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in association with, click hereBelisarius: The First Shall Be Last
by Paolo Belzoni

…Belisarius was in high spirits as he rode and retained great hopes that his generation would be the one that revived the flagging fortunes of the empire. Within the last year, a new emperor had ascended the throne – an old soldier from Illyricum named Justin. The crown was offered to him because he was a solid if poorly educated man who could be counted on to maintain order. Hearkening back to the days of Roman glory and nobility, Justin had refused the diadem several times before finally yielding to the entreaties of the senate. He then went through the thoroughly un-Roman custom of being raised on a shield. The elevation of such an individual gave hope to young men across the empire that no matter how common one's birth, even the imperial dignity was not out of reach. And the army was the clearest vehicle for such promotion.

Thus young Belisarius sets out to conquer the world.

“Belisarius: The First Shall Be Last” is a first novel and Book I in a trilogy about the famed Byzantine general who briefly expanded the Roman Empire again. It begins with childhood vignettes and teenage exploits in fighting marauders, until the hero and his friends leave the Thracian town Germania to seek their fortune as soldiers under the emperor Justin, and the story takes off. Belisarius hopes are realized, and soon they all become members of the Imperial household guard.

The eminent historian Procopius was attached to Belisarius as legal secretary when the latter got his first major command, and the author follows the “Histoy of the Wars” closely, and most likely also the highly libelous “Secret History”.

Justinian, Justin’s nephew and heir, more or less rules the empire already. Affairs in the east do not look well, and the search for younger officers is on, who have to swear allegiance to him. Thus Belisarius is sent to fight the Persians, and he advances rapidly in his career. In the novel, there have been portends of this: one from a soothsayer when Belisarius was a two years old (and unbeknownst to him), the other through a holy man in Constantinople. The novel’s subtitle is taken from the former.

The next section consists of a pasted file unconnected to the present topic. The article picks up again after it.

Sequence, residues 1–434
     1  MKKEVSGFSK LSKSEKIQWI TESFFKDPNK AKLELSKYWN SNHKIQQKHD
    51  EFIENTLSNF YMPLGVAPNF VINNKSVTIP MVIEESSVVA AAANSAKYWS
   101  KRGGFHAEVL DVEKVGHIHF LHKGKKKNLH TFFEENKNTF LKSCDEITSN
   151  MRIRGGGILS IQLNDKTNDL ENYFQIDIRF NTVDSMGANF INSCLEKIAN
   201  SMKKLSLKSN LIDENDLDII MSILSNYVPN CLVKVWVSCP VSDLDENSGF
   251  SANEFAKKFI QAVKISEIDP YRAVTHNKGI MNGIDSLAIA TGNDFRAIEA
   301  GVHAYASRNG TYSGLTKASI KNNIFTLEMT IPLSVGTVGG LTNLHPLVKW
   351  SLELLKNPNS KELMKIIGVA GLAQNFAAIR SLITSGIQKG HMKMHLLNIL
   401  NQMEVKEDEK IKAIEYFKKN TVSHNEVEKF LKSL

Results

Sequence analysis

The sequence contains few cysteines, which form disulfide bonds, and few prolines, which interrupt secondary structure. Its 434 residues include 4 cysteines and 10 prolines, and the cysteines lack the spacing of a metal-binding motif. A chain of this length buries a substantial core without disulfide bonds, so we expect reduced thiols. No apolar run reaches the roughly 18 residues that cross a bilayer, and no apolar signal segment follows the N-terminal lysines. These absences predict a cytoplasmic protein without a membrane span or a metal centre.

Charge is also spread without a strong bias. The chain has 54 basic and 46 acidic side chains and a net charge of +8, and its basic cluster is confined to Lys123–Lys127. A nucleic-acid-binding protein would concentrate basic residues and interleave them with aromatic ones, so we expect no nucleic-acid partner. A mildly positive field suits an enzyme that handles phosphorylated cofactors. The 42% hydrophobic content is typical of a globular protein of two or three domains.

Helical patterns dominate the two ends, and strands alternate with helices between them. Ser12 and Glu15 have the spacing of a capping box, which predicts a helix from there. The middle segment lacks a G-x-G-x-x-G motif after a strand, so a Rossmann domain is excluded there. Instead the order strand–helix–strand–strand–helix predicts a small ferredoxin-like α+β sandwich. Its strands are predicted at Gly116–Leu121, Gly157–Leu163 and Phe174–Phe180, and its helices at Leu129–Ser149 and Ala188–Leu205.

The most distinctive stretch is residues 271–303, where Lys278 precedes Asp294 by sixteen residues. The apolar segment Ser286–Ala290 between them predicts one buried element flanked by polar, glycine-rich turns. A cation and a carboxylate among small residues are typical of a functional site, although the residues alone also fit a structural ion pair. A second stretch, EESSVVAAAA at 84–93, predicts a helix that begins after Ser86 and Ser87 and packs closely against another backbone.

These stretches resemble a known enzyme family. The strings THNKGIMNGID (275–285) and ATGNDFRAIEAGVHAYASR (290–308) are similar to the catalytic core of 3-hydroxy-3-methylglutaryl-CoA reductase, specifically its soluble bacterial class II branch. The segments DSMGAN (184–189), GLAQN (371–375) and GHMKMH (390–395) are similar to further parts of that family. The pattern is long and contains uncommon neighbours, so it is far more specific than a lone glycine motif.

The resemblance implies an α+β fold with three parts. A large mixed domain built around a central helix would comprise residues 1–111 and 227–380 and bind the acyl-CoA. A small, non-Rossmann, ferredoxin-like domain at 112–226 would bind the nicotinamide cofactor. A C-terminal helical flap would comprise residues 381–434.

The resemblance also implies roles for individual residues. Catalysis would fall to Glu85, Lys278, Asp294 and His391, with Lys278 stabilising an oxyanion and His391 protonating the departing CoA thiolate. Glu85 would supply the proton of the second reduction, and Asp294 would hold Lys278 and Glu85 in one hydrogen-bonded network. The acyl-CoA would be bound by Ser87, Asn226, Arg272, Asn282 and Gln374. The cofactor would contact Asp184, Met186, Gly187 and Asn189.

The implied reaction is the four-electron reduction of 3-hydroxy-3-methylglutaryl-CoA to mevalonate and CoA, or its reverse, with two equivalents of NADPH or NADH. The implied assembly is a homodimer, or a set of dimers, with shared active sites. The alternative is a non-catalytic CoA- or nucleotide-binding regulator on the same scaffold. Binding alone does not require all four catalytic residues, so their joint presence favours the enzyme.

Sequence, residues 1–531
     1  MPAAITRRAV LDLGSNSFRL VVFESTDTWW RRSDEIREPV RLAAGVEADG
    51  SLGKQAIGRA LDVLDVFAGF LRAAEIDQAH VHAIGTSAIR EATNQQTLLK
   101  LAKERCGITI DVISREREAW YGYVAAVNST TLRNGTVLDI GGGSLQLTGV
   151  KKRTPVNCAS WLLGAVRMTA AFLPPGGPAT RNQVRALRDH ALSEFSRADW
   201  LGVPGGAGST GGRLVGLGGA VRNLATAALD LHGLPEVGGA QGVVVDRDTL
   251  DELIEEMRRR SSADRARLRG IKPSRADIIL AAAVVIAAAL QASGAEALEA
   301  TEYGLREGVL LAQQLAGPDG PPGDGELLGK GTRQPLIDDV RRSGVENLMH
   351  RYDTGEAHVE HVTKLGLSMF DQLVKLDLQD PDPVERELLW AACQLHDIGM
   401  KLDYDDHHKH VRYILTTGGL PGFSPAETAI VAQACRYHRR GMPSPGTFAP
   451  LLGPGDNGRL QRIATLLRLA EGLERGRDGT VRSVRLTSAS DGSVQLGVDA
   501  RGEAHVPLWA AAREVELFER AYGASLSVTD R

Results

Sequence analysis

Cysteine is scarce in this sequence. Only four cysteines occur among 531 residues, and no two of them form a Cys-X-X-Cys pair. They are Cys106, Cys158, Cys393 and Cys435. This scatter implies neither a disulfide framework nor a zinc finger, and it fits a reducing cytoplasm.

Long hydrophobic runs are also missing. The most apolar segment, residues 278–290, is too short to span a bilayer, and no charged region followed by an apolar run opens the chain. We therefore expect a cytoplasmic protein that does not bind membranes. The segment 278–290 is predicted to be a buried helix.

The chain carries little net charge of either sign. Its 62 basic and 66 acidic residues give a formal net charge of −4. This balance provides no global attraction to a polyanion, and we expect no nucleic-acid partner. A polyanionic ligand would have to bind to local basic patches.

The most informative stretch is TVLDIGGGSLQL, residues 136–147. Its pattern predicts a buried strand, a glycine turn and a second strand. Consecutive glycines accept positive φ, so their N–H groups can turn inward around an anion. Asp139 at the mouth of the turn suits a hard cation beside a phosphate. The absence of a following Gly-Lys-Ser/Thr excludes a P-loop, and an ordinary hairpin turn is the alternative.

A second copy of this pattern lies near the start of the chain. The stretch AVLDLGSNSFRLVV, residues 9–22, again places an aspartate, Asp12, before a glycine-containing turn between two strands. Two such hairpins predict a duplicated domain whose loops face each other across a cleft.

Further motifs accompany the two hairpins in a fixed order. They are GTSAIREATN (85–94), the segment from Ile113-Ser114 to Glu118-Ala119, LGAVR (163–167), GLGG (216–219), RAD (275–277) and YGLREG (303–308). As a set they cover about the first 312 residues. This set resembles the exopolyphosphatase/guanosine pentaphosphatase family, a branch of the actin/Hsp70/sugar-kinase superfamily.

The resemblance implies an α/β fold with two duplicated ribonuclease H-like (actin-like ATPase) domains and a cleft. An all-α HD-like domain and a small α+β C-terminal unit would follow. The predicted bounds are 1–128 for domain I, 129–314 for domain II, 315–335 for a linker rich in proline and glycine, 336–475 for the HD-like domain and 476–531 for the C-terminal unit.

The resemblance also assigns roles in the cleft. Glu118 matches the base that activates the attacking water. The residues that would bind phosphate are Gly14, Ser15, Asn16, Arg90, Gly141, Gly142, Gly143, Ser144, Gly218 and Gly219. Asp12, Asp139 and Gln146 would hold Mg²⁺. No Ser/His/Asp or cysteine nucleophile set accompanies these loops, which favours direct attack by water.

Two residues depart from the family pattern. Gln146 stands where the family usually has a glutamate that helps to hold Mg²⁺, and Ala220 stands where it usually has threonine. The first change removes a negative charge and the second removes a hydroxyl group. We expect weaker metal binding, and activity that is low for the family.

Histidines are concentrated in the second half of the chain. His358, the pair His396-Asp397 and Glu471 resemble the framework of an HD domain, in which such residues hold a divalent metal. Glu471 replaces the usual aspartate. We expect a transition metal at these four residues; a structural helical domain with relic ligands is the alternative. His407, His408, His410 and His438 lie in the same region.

Life in Constantinople, at the imperial court, and in the army, is imaginatively handled. The emperor Justin comes off well as crusty – and crafty – old soldier, whereas Justinian is already depicted as under the influence of Theodora, not yet his wife while the old empress is still alive. Intrigues against the court are rampant. Forceful Antonina, Belisarius’ future wife, makes herself heard by her extensive letter-writing while he is in the field.

The Persian wars take up much of the story, and military history buffs will enjoy the depictions of the various campaigns and the battle scenes. The Persians, even when winning, do not come off too well, they are more often than not shown as caricatures.

A religious theme runs through the story, best embodied in Belisarius’ boyhood friend Florentius; the soldiers sing hymns before battle; and a Turin-like shroud makes its appearance at one point.

The novel ends just before the Nika Revolt.

Belisarius and most other major characters in the story are well-developed. On the down side, the prose is often awkward, and irksome modern colloquialisms creep in, such as Justinian saying “How goes it?”. The book cries out for a good, old-fashioned editor.

The book’s intended readership is Adult/Young Adult. The '248 pages' notation below is deceptive: the print font is rather small, so there is plenty to read.

© 2006 Irene B. Hahn

in association with, click hereBelisarius: The First Shall Be Last
by Paolo Belzoni
Trade Paperback, 248 pages
Arx Publishing
1st edition (December 2006)
ISBN: 1889758787
List Price $14.95

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